A key failure of the EU’s current Critical Engagement Policy is the efforts to remain relatively non-assertive in the issue and following the US and ROK policies. This was reflected in the adoption of a CVID-like approach throughout Obama’s presidency and the suspension of economic aid in line with the Bush administrations’ “axis of evil” approach to the DPRK following the 2002 nuclear crisis (Berkofsky, 2003). Thus, the EU’s attempts to pursue a “quiet diplomacy” and its efforts to ensure its policy is complementary to that of the ROK and US has meant that impacts have been minimal and the potential for the EU as a largely neutral stakeholder in negotiating with the DPRK remains unexploited.
Pardo, Korea Chair at the Institute for European Studies, recommends a soft approach of education and skills engagement and exchange, arguing that “a population with better skills and in contact with foreign experts should be less vulnerable to human rights violations”. Through development, the state would become more beholden to the international system and thus, improve one aspect of the DPRK issue (Pardo, 2016, 4). This form of low level, soft engagement would mean that economic contributions could be used for leverage. Furthermore, increasing the DPRK’s integration in the international community would increase stability and the likelihood of negotiations. Economic development would also be necessary for the later stage of conflict resolution and peacebuilding should it be required.
A key issue to be overcome by the EU is the conflict between the supranational institution and its member states, exemplified by France’s refusal to open diplomatic ties with the DPRK, citing its humanitarian abuses. There has been too much emphasis on sanctions due to the support among all member states, the absence of economic interest in the DPRK, the lack of diplomatic engagement and third-party pressure, though this has ultimately led to no progress. Thus, Ko argues that the EU is a realist player in the guise of being a normative one (Ko, 2017). The EU’s normative actions include its attempts to engage the DPRK via aid and promoting human rights, whilst its realist actions have been increasingly evident in recent years with its reliance on economic sanctions and a lack of official diplomatic engagement.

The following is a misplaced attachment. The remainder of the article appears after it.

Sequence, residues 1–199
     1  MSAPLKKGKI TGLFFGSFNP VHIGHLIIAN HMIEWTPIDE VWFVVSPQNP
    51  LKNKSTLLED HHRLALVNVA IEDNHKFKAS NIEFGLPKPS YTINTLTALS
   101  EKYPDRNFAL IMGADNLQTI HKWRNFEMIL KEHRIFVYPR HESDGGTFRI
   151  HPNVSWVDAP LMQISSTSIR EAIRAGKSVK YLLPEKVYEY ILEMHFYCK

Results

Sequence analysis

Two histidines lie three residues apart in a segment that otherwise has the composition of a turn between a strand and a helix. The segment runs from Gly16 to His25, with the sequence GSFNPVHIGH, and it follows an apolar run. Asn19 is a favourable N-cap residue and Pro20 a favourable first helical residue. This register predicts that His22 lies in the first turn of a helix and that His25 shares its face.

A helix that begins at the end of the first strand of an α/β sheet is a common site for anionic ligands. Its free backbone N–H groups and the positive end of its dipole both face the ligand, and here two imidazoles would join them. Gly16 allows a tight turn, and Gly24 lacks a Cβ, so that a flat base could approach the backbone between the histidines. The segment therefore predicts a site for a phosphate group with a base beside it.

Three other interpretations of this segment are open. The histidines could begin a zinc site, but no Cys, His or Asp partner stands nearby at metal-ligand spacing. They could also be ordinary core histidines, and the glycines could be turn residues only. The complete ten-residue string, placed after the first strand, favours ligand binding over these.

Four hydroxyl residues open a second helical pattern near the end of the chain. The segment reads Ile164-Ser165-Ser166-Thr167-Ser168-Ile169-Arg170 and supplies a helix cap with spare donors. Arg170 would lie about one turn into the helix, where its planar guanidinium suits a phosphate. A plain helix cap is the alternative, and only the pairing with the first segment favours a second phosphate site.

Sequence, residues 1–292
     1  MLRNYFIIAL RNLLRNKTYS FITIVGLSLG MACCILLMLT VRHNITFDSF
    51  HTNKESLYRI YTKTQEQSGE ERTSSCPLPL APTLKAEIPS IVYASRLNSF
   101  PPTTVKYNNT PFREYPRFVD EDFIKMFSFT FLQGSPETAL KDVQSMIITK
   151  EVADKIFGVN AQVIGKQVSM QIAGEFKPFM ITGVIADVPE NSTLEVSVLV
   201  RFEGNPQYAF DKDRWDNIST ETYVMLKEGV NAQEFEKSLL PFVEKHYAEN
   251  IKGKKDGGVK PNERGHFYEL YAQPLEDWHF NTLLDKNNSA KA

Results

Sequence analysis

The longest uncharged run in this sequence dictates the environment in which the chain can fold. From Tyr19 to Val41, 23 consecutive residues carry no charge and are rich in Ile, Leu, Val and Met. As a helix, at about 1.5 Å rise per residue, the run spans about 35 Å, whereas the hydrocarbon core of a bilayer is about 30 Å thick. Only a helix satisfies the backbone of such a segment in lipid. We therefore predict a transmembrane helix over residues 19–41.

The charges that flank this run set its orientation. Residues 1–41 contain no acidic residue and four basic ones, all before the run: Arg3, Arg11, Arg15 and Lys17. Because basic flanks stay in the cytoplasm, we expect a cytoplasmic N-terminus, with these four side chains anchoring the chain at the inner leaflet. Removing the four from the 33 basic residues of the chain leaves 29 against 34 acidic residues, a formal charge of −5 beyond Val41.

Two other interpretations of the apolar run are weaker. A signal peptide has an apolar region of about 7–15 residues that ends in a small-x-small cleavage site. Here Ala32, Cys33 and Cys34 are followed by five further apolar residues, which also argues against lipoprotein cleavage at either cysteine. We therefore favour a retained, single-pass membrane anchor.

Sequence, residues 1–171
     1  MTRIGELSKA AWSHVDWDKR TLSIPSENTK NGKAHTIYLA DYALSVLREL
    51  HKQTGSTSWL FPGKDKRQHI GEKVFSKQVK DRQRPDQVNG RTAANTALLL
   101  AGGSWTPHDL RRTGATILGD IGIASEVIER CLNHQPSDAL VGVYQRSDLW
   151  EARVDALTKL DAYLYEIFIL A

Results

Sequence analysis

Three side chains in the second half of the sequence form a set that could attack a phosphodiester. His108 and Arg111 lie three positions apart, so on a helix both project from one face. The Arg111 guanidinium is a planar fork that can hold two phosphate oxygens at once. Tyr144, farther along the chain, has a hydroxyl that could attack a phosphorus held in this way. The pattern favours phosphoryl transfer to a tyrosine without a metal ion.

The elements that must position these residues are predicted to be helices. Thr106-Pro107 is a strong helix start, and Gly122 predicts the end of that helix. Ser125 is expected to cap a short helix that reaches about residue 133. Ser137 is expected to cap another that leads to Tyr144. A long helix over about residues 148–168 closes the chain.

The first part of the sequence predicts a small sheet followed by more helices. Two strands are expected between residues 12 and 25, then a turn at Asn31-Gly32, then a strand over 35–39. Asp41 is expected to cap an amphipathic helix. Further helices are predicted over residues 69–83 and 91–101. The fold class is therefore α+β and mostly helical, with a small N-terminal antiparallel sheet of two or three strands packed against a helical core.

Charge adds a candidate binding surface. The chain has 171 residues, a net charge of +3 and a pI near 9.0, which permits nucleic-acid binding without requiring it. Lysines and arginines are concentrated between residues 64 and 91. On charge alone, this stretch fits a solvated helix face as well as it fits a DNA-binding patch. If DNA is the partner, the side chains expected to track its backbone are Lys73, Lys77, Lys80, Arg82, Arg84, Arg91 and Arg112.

Overall, the EU should leverage its unique position and abandon the “active pressure” path to reengage with the DPRK in diplomatic dialogue, reduce sanctions and increase education and skills exchanges. The EU ought to follow a more independent policy akin to the “active engagement” period of the Critical Engagement Policy, lest the DPRK drift further and further away from international norms and relationships within the international system.
- Ballbach, Eric J. “The end of Critical Engagement: on the failures of the EU’s North Korea strategy”, Real Instituto Elcano. [Online]. Available at: http://www.realinstitutoelcano.org/wps/portal/rielcano_en/contenido?WCM_GLOBAL_CONTEXT=/elcano/elcano_in/zonas_in/ari101-2019-ballbach-the-end-of-critical-engagement-on-failures-of-eus-north-korea-strategy
- Berkofsky, Axel. (2003). EU’s Policy Towards the DPRK- Engagement or Standstill?. European Institute for Asian Studies, Brussels.
- European External Action Service. (2016). “DPRK and the EU”, Europa.eu. [Online]. Available at: https://eeas.europa.eu/diplomatic-network/north-korea/4186/dprk-and-eu_en
- European Institute for Asian Studies. (2017). ““Quo Vadis, North Korea? Prospects for Critical EU Engagement”, Event Report. [Online]. Available at: http://www.eias.org/wp-content/uploads/2016/03/EIAS_Event_Report_Quo_Vadis_NorthKorea_20.10.2017-2.pdf
- Ko, Sangtu. (2017). “EU’s policy toward DPRK normative realist explanation” presentation at EIAS.
- Pardo, Ramon Pacheco. (2016). The EU and North Korea: Engaging Kim effectively. European Institute for Asian Studies, Brussels.
- Wolleh, Oliver. (2007). Track 1.5 Approaches to Conflict Management: Assessing Good Practice and Areas for Improvement. Berghof Foundation for Peace Support, Berlin.
Disclaimer: The views and opinions expressed in this article are those of the author and do not necessarily reflect the opinion of IFAIR e.V. or its members.
Lisa Buckland is in her third year of studies in Japanese and East Asian History and International Relations at The University of Tokyo and has also studied at LMU in Germany. She has interned in an NGO media campaign agency in Bangkok as well as in PR in Sydney and written articles for her university newspaper.